Grieving for Rachel Held Evans
At one point it seemed like everyone was asking me if I knew about Rachel Held Evans. She and I were the same age, and we had similar Evangelical backgrounds. Rachel had written a book about her childhood in Evangelical culture. I read it and related to a lot of it. Rachel was from Tennessee and I was from Alaska, but the culture she described reminded me of my Christian school and churches I had attended. I appreciated how well she described this subculture and the care she took in describing these people I recognized.
A few years later, I connected with Rachel Held Evans on Twitter. She and I were both bloggers who traveled a lot—though she did this on a much larger scale than I did. I remember bonding over an ice cream place in the Atlanta airport, a place we both ended up frequently. We followed each other on Twitter and interacted occasionally, but that was probably the high point of our communication. We never met in person, though I thought we might someday.
Now I blog a lot less, and my stomach won’t let me eat ice cream anymore. And this morning I found out that Rachel Held Evans has died.
I first heard that Rachel was in the hospital from my friend Anna, who sent me a text. Anna went to the same college as Rachel, and they would meet up for coffee. Anna asked if I was Facebook friends with Rachel, and told me that Rachel’s husband had posted saying that Rachel was in an induced coma after a severe reaction to antibiotics. Over the course of that day, this news became public. It was all over my feeds: people praying and sharing stories about Rachel. I followed the updates about her health and prayed for the best.
When I went online this morning, I learned that Rachel had died. My partner and I were both surprised by the wave of grief that hit me when I read the news. I didn’t know Rachel personally, and we both knew this might happen. But I had really hoped that she would pull through.
I posted on social media how sorry I was to hear this, and I am feeling sorry about a lot of things. I am sorry that Rachel received so much vitriol online for sharing her story. I am sorry that people used her illness to promote their own harmful theology. I am sorry for her friends and family who are mourning her sudden death. I am sorry that she will not be able to see her children grow up. I am sorry that she did not live to 38.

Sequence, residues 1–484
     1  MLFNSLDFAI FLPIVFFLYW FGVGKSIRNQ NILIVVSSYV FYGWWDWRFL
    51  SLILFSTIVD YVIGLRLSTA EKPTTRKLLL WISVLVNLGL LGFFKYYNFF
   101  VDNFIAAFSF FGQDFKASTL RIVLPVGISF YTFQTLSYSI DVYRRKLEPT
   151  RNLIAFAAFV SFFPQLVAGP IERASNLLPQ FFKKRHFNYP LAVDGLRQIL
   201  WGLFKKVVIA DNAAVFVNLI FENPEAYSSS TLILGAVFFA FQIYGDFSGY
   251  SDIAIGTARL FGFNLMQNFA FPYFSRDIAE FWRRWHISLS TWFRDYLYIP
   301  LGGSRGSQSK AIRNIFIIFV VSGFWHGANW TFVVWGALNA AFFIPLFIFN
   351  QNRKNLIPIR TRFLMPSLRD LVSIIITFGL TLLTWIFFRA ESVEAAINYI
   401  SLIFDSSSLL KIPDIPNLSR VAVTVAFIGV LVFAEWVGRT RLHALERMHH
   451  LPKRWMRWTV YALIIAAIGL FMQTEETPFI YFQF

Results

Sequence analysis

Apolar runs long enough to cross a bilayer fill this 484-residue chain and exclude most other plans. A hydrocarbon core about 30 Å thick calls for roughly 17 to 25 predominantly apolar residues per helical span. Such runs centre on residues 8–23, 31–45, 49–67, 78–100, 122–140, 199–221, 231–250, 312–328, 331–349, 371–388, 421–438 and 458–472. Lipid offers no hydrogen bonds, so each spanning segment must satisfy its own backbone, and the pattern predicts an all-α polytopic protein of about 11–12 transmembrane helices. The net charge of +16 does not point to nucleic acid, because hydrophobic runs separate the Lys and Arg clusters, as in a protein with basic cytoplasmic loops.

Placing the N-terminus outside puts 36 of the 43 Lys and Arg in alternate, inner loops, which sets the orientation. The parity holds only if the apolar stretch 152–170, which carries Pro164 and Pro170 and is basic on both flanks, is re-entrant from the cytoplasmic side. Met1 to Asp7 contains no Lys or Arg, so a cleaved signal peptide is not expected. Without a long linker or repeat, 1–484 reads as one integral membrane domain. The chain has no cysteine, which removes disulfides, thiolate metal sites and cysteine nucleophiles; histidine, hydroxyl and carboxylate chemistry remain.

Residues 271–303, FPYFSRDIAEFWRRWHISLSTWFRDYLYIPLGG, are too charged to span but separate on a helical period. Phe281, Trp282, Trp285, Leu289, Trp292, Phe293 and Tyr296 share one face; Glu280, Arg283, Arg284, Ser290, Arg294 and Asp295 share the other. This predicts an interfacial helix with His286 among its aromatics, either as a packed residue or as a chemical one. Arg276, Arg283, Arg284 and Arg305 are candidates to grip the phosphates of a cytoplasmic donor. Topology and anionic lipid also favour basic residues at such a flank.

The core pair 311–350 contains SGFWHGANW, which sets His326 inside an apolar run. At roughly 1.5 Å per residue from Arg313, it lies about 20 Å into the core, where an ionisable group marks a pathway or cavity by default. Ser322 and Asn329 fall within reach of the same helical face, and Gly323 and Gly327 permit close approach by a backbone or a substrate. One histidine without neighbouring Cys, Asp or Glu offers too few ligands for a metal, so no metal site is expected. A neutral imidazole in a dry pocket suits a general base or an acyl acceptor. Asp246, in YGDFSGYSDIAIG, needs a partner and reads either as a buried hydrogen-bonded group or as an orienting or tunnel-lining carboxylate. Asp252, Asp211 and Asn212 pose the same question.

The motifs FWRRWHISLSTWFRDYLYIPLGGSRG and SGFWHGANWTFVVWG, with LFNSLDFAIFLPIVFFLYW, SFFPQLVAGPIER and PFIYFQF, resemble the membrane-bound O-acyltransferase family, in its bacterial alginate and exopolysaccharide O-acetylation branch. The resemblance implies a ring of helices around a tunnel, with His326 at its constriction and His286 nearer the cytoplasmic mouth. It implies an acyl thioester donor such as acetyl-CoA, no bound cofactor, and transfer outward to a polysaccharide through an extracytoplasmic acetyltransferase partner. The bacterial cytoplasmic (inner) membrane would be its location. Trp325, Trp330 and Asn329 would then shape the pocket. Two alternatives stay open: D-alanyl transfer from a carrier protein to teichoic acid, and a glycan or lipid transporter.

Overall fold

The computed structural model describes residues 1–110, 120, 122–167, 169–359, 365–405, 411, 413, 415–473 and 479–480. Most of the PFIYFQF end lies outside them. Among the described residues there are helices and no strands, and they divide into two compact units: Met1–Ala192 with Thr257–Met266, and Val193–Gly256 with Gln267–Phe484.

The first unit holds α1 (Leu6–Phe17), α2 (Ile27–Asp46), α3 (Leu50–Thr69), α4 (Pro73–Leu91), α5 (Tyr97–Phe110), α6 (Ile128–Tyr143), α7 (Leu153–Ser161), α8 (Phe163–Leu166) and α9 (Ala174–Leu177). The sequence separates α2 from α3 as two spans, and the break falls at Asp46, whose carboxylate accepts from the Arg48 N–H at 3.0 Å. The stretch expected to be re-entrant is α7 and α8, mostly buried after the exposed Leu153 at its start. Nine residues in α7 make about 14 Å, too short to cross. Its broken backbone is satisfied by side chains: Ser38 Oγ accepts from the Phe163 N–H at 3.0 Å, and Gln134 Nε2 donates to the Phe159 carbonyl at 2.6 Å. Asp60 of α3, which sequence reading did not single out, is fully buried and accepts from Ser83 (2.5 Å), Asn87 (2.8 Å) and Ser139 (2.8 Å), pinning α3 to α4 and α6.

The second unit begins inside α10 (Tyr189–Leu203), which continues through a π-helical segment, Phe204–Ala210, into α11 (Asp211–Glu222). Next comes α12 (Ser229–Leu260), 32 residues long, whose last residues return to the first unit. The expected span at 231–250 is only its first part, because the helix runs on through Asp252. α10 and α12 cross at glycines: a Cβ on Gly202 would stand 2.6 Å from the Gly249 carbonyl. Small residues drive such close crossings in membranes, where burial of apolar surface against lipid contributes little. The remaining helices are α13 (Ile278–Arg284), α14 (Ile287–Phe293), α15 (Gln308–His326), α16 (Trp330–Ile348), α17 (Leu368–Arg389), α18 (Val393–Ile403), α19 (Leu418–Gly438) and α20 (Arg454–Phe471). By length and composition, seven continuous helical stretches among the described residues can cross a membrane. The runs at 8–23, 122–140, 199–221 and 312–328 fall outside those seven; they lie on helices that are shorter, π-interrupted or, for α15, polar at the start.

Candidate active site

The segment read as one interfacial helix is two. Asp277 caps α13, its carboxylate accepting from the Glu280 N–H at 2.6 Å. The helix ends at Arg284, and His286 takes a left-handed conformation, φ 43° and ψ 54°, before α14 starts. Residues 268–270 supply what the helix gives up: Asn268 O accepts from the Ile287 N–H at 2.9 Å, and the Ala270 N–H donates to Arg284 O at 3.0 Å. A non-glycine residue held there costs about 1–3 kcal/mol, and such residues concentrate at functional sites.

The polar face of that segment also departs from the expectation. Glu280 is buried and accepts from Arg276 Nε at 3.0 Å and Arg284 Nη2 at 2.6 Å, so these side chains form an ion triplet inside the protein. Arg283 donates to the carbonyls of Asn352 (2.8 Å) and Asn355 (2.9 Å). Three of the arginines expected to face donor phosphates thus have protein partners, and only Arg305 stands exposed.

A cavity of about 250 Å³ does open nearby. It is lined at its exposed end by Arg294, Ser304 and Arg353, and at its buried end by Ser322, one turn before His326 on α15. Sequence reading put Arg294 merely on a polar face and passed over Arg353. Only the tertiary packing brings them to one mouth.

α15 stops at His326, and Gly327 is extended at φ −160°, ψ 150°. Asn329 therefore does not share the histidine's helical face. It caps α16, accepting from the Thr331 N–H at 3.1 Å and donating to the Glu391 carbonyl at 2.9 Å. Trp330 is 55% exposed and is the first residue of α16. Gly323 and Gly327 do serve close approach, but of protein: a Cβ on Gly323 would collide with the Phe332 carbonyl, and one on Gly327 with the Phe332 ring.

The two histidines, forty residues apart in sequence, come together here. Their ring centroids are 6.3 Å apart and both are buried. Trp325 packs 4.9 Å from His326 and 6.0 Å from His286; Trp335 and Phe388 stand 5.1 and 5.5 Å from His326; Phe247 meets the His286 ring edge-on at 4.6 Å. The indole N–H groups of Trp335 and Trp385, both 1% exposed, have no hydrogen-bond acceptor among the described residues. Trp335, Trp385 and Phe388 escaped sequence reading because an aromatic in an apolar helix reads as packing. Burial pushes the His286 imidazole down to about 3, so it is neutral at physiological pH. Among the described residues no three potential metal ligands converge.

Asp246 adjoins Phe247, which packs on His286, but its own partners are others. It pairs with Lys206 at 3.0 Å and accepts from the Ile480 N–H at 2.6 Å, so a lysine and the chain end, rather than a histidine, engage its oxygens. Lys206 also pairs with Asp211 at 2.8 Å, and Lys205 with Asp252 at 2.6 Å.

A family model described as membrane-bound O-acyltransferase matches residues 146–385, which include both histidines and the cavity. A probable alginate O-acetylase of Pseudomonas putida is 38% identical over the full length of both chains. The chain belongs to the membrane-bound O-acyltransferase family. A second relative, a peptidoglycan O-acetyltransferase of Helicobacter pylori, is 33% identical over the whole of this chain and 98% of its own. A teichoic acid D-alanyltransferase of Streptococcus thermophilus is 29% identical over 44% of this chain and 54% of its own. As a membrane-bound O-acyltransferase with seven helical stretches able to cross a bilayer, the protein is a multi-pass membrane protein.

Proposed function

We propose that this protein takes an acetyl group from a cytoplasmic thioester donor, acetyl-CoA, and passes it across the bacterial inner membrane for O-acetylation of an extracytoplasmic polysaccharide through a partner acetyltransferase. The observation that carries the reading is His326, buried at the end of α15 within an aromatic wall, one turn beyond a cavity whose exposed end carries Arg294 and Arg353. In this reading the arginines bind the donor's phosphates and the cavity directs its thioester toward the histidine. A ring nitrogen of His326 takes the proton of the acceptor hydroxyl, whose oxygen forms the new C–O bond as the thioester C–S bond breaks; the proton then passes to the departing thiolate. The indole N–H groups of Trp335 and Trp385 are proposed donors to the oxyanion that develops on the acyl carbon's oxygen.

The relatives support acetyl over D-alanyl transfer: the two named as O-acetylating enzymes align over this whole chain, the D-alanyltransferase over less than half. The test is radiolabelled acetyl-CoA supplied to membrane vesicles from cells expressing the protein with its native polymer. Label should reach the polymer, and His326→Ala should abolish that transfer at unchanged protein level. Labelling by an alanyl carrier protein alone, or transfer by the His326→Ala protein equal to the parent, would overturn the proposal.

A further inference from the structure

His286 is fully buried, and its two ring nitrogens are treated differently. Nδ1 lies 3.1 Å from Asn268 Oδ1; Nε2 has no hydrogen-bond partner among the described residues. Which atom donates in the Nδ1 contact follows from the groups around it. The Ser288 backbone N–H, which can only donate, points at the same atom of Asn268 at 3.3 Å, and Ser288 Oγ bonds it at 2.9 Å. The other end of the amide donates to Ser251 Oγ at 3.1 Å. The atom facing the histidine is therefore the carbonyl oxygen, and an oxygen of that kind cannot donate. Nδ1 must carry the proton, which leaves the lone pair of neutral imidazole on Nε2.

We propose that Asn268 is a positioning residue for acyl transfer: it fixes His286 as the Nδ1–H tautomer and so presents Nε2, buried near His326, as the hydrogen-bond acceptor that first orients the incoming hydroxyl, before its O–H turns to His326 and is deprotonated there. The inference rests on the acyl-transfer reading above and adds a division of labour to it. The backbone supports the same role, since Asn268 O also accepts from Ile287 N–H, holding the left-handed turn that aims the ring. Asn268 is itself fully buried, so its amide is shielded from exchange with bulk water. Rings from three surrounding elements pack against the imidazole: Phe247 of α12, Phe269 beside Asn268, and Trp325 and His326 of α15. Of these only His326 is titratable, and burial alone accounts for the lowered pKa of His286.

My partner suggested that I feel this grief because I identify with Rachel, and that is part of it. But I also realized that I identify Rachel more strongly with my friend Anna, who is also in the hospital. Anna has chronic illnesses that mean she is often in the hospital. In the past few years, her health has declined steadily, and no one knows how long she will live. I love Anna, and it makes me so sad and angry to know that she most likely will not live to old age.
Fame is a strange thing. The grieving about Rachel Held Evans has been so public because she has meant a lot to so many of us. Even those who never met her are feeling this loss. She was a kind presence on a platform that often rewards those who are not kind. She was open about what she believed, and was willing to change. It is a loss for all of us that we will not get to see her grow as a writer and a speaker, that we will not read what she had to say at 40, or 50, or 75.
I am grateful that she had a family and friends who loved Rachel for who she was, not just the public figure Rachel Held Evans. I am grateful to Rachel for persevering in the face of abuse and mean-spirited comments. I see how much this hurts, for so many. I will pray for Rachel’s family and loved ones, and for all those who are grieving this loss.